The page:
Complete schedule and session details.

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Oct 15, Day 1Oct 16, Day 2

7:30 am – 9:00 am

Registration & Continental Breakfast

9:00 am – 10:00 am

Opening Ceremonies

10:00 am – 10:30 am

Keynote Address

Kim Moran, CEO, Children’s Mental Health Ontario (CMHO)

Building a Stronger and More Connected Mental Health System for Young People

Preparing for the next wave of post-secondary students requires an understanding of current trends in mental health and wellness, and of the child and youth mental health (CYMH) system. Kim Moran will speak about the landscape of the CYMH system, and current challenges and opportunities facing the sector. This session will challenge participants to think big and adopt a systems approach to mental health services for children and youth. We will think critically about roles and responsibilities of providers, transitions between service providers in the health system, and consider how we can ensure young people have access to all the services they need. We will discuss how, together, all partners – from CYMH agencies to colleges and universities — can collaborate to establish a truly client-centred mental health system for young people.

10:30 am – 11:00 am

Refreshments / Posters and Exhibitors

11:00 am – 12:00 pm

Concurrent Sessions

A1 Honouring Indigenous Voices – Promoting Safety and Wellness at Post Secondary

In the spring of this year efforts were undertaken to engage the voices and wisdom of Indigenous students at Fleming College, Niagara College, and Trent University to understand their experiences of post-secondary and how to promote psychological safety.

This workshop will invite you explore their landscapes. Consider the vulnerabilities, risks and resiliencies while harnessing their wisdom to foster healthier post-secondary ecosystems for our Indigenous students.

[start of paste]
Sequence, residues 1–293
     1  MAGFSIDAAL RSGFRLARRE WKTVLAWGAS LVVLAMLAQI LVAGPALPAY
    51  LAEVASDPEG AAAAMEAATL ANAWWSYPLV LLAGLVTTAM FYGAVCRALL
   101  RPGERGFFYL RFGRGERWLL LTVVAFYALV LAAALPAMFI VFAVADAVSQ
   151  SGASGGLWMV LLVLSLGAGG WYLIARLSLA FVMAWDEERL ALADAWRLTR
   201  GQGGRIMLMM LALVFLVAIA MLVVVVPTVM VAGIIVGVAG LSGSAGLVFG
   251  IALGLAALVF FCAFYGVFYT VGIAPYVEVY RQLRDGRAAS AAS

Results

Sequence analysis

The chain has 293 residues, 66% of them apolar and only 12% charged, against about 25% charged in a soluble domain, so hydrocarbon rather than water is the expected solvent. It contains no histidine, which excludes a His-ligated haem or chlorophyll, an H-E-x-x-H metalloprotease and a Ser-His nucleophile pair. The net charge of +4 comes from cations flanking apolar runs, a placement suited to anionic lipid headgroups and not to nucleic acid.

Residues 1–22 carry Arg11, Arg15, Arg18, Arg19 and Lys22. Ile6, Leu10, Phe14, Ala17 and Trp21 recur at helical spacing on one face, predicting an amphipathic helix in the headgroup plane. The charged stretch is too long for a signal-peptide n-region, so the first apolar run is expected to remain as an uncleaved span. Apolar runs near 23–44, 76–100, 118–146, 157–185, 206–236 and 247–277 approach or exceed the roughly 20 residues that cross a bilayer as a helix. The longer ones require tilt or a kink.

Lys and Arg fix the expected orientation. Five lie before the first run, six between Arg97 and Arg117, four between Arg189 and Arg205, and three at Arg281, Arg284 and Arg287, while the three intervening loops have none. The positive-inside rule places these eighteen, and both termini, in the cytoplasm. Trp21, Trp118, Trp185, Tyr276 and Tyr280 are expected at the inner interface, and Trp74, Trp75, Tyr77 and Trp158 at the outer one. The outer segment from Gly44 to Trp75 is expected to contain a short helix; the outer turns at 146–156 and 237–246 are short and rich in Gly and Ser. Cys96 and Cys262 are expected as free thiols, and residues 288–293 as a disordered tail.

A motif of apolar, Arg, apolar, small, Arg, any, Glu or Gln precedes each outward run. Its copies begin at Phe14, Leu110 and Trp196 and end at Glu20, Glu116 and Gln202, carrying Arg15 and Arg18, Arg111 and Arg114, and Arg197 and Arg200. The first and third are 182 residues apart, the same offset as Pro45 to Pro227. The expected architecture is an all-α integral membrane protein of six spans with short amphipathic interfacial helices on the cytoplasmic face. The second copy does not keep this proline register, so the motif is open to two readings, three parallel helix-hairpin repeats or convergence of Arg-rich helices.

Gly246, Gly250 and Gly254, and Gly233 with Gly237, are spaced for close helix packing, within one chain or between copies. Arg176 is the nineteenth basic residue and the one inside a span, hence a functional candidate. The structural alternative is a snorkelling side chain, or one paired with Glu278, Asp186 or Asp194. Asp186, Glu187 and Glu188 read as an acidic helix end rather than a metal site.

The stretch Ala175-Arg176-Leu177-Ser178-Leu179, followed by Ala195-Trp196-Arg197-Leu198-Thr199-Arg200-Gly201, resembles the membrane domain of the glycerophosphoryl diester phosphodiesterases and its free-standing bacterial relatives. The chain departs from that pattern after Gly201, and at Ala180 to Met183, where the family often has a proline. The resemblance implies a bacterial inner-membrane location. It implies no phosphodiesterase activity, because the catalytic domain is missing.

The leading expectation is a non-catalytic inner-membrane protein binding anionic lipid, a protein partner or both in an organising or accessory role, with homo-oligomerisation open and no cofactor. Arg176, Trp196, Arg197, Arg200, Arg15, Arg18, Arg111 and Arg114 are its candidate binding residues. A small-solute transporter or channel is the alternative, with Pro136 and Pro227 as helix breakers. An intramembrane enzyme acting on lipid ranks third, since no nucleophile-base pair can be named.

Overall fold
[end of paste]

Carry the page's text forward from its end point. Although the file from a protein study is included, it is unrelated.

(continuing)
Larraine Hale, BSW, MSW, RSW | Clinical Social Worker

A2 Community Complex Case Management Services for Student Integrated Care

Ryerson University and the University of Toronto have partnered with LOFT Community Services on providing the Complex Case Management Services pilot. This innovative pilot will provide expanded case management services for students with complex mental health concerns that require additional community support above what they are presently receiving on campuses.

Through this pilot, LOFT has built and nurtured a support system for students who have been referred to case management. Eligible students will gain access to a mobile case manager who works in Toronto’s communities and neighborhoods, who will monitor the student’s involvement in psycho therapeutic services off- and on-campus, symptom reduction over time, and progress on pre-determined social determinants of health that are relevant to the students. These may include access to safe housing, involvement in criminal justice systems, and academics. This pilot will ensure seamless referral pathways to and from campus health services. All students will have access to all of LOFT services.

Darlene Coppens | LOFT Community Services
Charlotte Booth | LOFT Community Services
Dr. Laura Girz | Ryerson University
Sunday Kayaras | University of Toronto

A3 Destigmatizing the University Student Suicide Epidemic through Strategic Planning and Language

Suicide is the second leading cause of death among ages 15-34 (Statistics Canada, 2009). While institutions have been coming under fire lately, due to perceived lack of empathy in response to student deaths by suicide, there is no causal relationship between suicide and the university environment. Students are pushing for more transparency when one of their peers dies “suddenly”, however they do not always understand the multi-layered factors that determine how suicide deaths are reported. Family wishes, medical profession consensus, and media guidelines all influence reporting decisions. To counteract the rising numbers of mental health crises on-campus, Western University is taking a proactive approach, including a new Mental Health and Wellness Strategic Plan and suicide alertness training for staff, faculty, and students. While it may not be possible to reduce suicide stigma through the language used in reporting, through educational initiatives we can normalize mental health challenges in vulnerable youth as they transition to adulthood, making it easier for struggling students to get the help they need.less referral pathways to and from campus health services. All students will have access to all of LOFT services.

Rebecca Smith | Western University
Erin Anderson | Western University